District No. 2 - Fort Schuyler to City Line. Commodore Aug. G. Miller, Tremont Avenue and Theriot Street, Bronx.

District No. 3-All the Harlem River from Port Morris to Spuyten Duyvil, then to Mount St. Vincent or City Line on the Hudson. Vice-Commodore E. Harry Seixas, 7 Lincoln Street, Westchester; Vice-Commodore Chas. Garland, White House, Harlem River.

BOROUGH OF MANHATTAN. District No. 4-Spuyten Duyvil on Manhattan Island to 100ch Street on the Hudson) ('ommodore Edw. A. Trede, 4322 Broadway, Manhattan,

District No.5--100th Street on Hudson, south to Barge Office, including Governor's Island, Ellis Island and Bedloe's Island. Commodore James A. Lee, Elis Island Hospital; Vice-Commodore Robert P. Parrott, care Columbia Yacht Club, foot West 86th Street, Manhattan.

District No. 6-Barge Office to 100th Street, East River. Acting Vice-Commodore J. Dempsey, 12 Stone Street, Manhattan; Vice-Commodore Henry Mason, 318 East 9th Street, Manhattan; Vice-Commodore Emanuel Hirsh, 1912 Third Avenue, Mauhatian.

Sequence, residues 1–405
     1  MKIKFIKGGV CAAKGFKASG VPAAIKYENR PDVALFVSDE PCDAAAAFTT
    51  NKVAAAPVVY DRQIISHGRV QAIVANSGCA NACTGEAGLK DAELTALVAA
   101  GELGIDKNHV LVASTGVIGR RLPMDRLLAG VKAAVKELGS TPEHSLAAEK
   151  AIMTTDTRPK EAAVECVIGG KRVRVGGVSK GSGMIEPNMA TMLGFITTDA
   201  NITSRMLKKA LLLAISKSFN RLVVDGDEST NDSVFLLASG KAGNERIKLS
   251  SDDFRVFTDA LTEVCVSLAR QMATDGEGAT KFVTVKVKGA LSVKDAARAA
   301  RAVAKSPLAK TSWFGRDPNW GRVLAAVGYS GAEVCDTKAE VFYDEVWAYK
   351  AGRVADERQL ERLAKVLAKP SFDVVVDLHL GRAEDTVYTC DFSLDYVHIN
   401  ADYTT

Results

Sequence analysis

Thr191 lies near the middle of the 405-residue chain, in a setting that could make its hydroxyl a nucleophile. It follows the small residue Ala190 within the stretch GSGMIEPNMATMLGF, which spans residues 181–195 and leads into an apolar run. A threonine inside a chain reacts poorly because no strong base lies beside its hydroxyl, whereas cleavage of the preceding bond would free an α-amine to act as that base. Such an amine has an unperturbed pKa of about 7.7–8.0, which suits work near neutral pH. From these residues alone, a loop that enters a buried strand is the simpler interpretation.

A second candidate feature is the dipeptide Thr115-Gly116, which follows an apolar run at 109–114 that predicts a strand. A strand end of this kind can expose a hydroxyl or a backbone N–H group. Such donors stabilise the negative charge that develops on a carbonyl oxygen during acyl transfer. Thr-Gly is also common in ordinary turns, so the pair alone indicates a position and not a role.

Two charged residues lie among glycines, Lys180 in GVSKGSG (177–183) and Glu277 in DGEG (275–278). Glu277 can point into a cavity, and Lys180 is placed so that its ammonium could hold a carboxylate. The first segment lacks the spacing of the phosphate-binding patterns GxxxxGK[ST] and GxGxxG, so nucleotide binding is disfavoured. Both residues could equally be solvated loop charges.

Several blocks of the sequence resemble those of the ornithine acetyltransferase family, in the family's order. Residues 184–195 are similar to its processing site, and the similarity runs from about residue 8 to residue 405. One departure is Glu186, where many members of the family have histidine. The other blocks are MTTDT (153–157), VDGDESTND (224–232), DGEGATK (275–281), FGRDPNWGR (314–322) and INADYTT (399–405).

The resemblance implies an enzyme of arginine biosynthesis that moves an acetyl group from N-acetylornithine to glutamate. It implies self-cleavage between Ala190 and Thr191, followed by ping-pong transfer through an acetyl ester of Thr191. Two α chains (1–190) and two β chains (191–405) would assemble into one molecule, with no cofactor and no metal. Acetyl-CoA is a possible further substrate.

District No. 7-100th Street, East River through the Harlem River to Spuyten Duyvil on the Hudson River. 'Vice-Commodore Geo. Schmidt, 2920 81h Avenue, Manhattan; Vice-Commodore Fred Nobis, Dyckman Street and Speedway, Manhattan.

BOROUGH OF BROOKLYN. District No. 8-Broad Channel Station on trestle, Jamaica Bay, following the line of trestle (West side) (Hammels excepted) to Ramblers ville, then around the Bay, including all the rest of the Bay, Old Mill, Canarsie, Bergen Beach, Plum Island, Barren Island, Breakwater, etc. Commodo re John G. Torborg, 1043 Liberty Avenue, Brooklyn, N. Y.

District No. 9-Coney Island in its entirety, Vice-Commodore Jas. Brennan, foot West 320 Street, Coney Island.

District No. 10-End of Emmons Avenue and Knapp Street, on mainland side of Sheepshead Bay to 39th Street Ferry, Commodore Charles Huson, 16 Bay 230 street, Brooklyn, N. Y.

District No. 12-Newtown Creek, up East River through Hell Gate to City Line, including Little Neck Bay. Cominodore J. M. Finch, *137 Main Street, Astoria, L, I,

BOROUGH OF QUEENS. District No. 13-Jamaica Bay, east side of trestle to City Line, Rockaway shore excepted. Under direct supervision of Headquarters.